Beijing-based photographer Wang Wei is best known for his extensive fashion editorial imagery, having racked up almost 25,000 followers on Instagram, but it is his personal series Young Wild & Free – shot entirely on 35mm analogue film – that truly caught our eye. Consisting of playful, colour-saturated images drenched in the bliss of youth, Young Wild & Free gives us an insight into the daily life of Wang Wei and his friends as they navigate the weird and wonderful moments of those coming-of-age in China.
“There was no theme or name for the series at the beginning,” Wang Wei tells It’s Nice That. “I started taking pictures of the young people around me and I realised as we all get older, it is so important for us to stay living in the moment.” His images capture the fun and silliness of being young – rolling around in a supermarket shopping trolly, dancing with friends on a rooftop overlooking the city – those moments when you feel, as he describes, the most “free and alive”. Titled, aptly, after the Snoop Dogg song Young Wild & Free the photographer counts this as his life’s motto, “I feel it is what I’m doing, how I’m living,” he says effervescently. “I took the song for the name of my series. Every moment related to freedom, youth and beauty are worth being photographed. Although the picture series is not moving, it is a flow of a story that is never replicable,” he explains.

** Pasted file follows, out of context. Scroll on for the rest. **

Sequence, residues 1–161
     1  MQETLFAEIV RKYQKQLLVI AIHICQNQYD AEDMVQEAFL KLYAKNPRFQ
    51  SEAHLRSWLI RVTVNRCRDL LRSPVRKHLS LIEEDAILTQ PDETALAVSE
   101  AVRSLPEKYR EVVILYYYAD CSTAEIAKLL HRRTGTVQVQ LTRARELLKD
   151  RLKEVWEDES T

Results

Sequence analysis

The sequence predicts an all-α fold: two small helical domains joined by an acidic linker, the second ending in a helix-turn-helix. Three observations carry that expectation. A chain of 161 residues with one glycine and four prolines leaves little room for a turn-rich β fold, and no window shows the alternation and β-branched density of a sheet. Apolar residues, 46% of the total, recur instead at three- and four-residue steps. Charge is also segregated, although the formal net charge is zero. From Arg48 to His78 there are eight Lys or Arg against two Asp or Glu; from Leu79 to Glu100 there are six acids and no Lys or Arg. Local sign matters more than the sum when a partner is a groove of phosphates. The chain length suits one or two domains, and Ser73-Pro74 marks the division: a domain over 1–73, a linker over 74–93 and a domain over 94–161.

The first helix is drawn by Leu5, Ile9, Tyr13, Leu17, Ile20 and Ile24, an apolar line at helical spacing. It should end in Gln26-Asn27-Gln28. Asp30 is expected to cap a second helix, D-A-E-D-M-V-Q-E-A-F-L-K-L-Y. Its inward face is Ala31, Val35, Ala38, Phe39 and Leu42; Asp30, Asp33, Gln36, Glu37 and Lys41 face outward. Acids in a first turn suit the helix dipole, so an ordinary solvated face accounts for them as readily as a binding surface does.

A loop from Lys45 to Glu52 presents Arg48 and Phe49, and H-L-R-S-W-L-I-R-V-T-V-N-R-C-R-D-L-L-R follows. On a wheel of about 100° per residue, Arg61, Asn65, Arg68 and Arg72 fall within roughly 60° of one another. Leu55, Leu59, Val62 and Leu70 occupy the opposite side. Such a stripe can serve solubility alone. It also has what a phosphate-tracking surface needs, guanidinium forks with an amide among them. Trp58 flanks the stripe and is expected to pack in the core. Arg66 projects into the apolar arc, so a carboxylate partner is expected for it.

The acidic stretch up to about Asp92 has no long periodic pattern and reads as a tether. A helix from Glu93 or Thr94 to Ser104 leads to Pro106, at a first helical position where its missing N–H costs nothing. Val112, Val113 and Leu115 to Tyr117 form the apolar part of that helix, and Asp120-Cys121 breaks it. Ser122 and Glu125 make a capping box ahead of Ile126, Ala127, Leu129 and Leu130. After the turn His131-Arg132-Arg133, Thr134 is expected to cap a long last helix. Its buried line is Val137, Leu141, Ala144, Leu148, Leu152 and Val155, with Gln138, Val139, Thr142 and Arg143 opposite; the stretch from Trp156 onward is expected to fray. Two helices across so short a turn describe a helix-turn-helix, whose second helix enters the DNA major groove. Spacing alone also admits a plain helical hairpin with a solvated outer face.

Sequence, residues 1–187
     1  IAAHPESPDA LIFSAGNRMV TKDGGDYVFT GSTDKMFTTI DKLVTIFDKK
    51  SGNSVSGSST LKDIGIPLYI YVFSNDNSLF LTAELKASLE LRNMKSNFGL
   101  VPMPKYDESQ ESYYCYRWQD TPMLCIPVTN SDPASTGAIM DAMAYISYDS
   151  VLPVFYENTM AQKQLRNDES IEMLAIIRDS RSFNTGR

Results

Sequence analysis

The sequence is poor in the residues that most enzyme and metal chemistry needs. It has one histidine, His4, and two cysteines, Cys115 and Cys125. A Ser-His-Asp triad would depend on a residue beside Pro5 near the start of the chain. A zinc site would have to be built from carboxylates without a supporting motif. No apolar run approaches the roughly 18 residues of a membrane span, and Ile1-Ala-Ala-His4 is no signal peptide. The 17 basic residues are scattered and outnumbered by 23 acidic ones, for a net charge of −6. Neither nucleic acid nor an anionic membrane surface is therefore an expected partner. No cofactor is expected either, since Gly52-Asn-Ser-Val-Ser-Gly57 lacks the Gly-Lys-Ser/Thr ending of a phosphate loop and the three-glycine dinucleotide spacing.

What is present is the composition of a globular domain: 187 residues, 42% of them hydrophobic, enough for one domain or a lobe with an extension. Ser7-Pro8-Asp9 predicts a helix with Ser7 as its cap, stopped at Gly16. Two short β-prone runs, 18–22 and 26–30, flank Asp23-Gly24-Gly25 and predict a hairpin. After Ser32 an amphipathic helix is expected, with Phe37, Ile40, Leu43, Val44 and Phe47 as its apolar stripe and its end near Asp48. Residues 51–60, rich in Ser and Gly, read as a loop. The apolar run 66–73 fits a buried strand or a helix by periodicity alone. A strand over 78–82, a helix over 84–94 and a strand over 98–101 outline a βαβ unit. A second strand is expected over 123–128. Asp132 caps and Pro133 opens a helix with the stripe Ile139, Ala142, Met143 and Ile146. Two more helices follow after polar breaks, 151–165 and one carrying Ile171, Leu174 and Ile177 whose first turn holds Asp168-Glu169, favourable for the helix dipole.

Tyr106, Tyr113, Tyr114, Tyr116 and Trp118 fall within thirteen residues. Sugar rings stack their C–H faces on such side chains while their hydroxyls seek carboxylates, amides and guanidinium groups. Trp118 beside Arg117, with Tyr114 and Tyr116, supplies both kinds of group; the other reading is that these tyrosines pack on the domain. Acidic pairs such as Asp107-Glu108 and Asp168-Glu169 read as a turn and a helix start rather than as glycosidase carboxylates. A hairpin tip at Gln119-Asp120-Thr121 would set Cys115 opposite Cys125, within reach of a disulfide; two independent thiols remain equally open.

Favouring analogue over digital in this series for it’s “touchable”, tangible element – likened by Wang Wei to us as humans, “never perfect, but real, naked and full of emotion,” his images resonate with those seemingly never-ending, balmy summer break days you felt most carefree. Film, as a medium, also helps Wang Wei to “block out the noise from outside and show [his] reality”. It’s important to him whilst taking pictures for this series “to avoid all photography techniques and technical experience [gained through fashion editorial photography] and use the camera just as a tool to record thoughts and feelings.”
Wang Wei has been Beijing based his whole life, “I love it here,” he says passionately. “I can really sense the culture crush; western and eastern; tradition and modern. The city is constantly changing; it gives me a lot of thoughts and creativity.” As for how long the series will continue, the photographer has a suitably ephemeral response: “Life is part of the art, unpredictable,” he muses. “You never plan how it goes, in the same way as you never know how it got started.”
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